The answer, of course, is that a lot of people said gay was bad, including, lately, some of Millar's teammates. Pitcher Mike Timlin has said on several occasions that he wouldn't have participated in the show because his Christian beliefs tell him gay people are "doing something wrong." Outfielder Trot Nixon has expressed similar sentiments.

And when the Fab Five showed up at Fenway Park Sunday as a part of Pride Week festivities, the Boston papers found some grumbling fans in the stands who didn't like the idea.

Millar, Varitek and Damon are, along with slugger David Ortiz -- apparently ineligible to participate because he's already displayed Creative Facial Hair -- clubhouse leaders for the Sox.

Varitek is widely acknowledged as the heart and soul of the World Series champions. Millar is the most colorful character, the lead "idiot," to use his immortal term. Damon is the offensive catalyst and charismatic poster boy. He told San Francisco Chronicle columnist Gwen Knapp last month, "If there's a gay guy in baseball, we have to help him out."

I'd have loved to have been there when Timlin, interchangeable middle reliever extraordinaire, brought his concerns to any of those three face to face. If he did.

The good thing about this "Queer Eye" episode is that it happened at all. Writing on the Web site Outsports, Jim Buzinski called the show "another sign that we have turned some sort of cultural corner."

It's hard to imagine it happening even three years ago, when Mets star Mike Piazza felt compelled to call an impromptu news conference to declare his heterosexuality in response to a blind gossip item that suggested a Mets player might be thinking about coming out as gay.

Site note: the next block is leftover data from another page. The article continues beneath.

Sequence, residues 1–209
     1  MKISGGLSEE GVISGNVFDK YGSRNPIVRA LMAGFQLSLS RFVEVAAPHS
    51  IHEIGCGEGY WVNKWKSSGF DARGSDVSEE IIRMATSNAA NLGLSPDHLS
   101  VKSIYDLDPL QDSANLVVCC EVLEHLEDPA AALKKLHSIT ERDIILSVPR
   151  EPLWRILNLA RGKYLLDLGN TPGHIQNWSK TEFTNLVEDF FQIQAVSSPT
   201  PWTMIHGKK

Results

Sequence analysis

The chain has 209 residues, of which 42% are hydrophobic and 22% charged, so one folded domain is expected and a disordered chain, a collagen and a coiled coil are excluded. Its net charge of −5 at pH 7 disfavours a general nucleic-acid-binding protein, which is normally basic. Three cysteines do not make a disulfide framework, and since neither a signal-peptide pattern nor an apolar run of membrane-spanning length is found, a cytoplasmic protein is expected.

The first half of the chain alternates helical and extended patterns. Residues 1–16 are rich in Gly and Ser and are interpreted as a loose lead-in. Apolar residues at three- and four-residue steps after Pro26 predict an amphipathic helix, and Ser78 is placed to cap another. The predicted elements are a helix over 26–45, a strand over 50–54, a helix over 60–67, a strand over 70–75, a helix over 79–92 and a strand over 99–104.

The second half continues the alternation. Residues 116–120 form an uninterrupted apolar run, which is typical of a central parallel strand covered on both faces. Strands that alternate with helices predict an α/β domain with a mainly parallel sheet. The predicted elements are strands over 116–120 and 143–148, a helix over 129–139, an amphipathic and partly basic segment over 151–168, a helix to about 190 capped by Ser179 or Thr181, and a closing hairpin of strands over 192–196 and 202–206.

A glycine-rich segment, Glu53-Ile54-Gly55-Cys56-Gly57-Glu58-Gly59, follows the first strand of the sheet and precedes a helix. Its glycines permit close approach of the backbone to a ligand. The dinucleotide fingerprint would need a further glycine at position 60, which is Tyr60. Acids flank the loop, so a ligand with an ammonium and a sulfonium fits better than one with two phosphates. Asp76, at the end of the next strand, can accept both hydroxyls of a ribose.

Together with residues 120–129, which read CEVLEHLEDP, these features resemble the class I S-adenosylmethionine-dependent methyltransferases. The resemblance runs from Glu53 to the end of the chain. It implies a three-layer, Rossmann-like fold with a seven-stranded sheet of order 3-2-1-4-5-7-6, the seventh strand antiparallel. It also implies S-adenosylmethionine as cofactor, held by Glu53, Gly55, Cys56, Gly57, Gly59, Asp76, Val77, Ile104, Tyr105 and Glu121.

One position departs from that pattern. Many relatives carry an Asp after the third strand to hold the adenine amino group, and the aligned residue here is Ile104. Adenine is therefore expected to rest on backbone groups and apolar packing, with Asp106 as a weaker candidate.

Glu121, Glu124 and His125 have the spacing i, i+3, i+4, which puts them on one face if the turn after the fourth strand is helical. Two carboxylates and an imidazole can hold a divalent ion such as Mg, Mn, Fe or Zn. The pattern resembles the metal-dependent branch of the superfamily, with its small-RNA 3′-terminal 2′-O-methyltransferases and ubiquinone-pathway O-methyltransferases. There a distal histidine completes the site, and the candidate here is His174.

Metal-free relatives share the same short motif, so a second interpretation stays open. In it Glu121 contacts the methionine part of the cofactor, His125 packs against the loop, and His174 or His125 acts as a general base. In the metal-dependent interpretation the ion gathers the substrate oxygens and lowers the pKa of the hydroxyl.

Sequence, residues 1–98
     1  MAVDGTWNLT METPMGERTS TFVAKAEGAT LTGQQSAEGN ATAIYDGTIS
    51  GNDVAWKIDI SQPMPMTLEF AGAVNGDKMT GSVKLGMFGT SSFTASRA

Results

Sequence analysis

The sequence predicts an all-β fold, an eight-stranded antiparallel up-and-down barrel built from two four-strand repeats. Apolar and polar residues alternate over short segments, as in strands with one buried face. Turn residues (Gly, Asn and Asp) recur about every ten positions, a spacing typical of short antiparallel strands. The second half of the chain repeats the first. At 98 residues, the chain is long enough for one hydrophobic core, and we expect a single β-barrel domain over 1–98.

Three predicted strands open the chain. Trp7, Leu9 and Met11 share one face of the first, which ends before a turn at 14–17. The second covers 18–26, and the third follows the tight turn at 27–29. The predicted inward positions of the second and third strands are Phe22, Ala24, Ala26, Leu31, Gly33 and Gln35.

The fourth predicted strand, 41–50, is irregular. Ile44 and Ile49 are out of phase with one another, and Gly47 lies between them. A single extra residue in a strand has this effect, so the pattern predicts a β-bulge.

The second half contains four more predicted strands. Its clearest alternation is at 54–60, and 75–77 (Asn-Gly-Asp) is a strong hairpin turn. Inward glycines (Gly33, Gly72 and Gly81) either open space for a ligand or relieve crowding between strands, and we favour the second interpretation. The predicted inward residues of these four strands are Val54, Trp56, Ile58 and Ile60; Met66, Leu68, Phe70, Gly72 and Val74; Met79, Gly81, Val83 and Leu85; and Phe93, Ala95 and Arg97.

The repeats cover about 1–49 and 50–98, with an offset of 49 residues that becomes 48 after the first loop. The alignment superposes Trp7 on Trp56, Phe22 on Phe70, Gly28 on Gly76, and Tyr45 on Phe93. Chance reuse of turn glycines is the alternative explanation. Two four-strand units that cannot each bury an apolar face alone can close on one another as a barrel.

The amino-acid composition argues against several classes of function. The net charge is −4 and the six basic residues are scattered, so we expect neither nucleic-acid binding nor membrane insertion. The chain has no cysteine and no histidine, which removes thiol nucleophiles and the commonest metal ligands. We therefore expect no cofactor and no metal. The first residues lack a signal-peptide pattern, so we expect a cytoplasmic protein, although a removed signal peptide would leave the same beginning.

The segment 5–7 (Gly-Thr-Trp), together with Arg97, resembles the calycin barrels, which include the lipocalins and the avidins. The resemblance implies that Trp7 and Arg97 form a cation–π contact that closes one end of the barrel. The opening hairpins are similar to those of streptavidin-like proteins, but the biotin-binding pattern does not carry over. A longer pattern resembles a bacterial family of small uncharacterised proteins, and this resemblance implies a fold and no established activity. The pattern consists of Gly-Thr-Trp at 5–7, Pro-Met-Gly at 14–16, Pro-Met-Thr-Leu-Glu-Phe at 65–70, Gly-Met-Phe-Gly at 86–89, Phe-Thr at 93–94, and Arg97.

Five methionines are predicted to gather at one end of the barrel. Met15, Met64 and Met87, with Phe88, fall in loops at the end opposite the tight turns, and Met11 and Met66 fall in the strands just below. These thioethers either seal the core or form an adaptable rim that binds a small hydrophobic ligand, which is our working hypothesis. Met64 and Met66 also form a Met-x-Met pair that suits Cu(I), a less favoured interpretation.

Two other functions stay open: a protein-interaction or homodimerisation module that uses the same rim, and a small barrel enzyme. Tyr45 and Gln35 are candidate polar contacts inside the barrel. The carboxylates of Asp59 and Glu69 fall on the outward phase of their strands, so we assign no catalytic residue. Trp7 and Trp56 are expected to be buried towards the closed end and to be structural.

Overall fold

Piazza might still call that news conference today if the New York papers bothered to gossip about a guy hitting .253. But the tide is turning away from the attitudes of people like Timlin and the fans who turned their backs as three of the Fab Five, including Carson Kressley in a pink, sequined Red Sox jersey, threw out the first pitch in Boston Sunday.

The Web site lists six gay and lesbian "days" being held by major league teams this year, and reports that half of the 30 big-league teams have held such events or AIDS awareness days.

Surveys show that major league players are easing ever closer to the idea that a gay teammate wouldn't be the end of the world. Tuesday's "Queer Eye" suggests that the clubhouse has reached the stage of joshing, arm's length acknowledgment. That's not good enough, but it's a way station on the road to acceptance.

And it's a long way from blatant, slur-slinging homophobia. And look who's doing the accepting: At least in the case of the Red Sox, it's the leaders.

Rose-petal foot baths and paraffin wax treatments are probably not coming to a major league clubhouse near you. But some gay players are. In fact, as I write this, they'll be showing up for work in a few hours. And one of these days, one of them is going to take Johnny Damon up on his offer.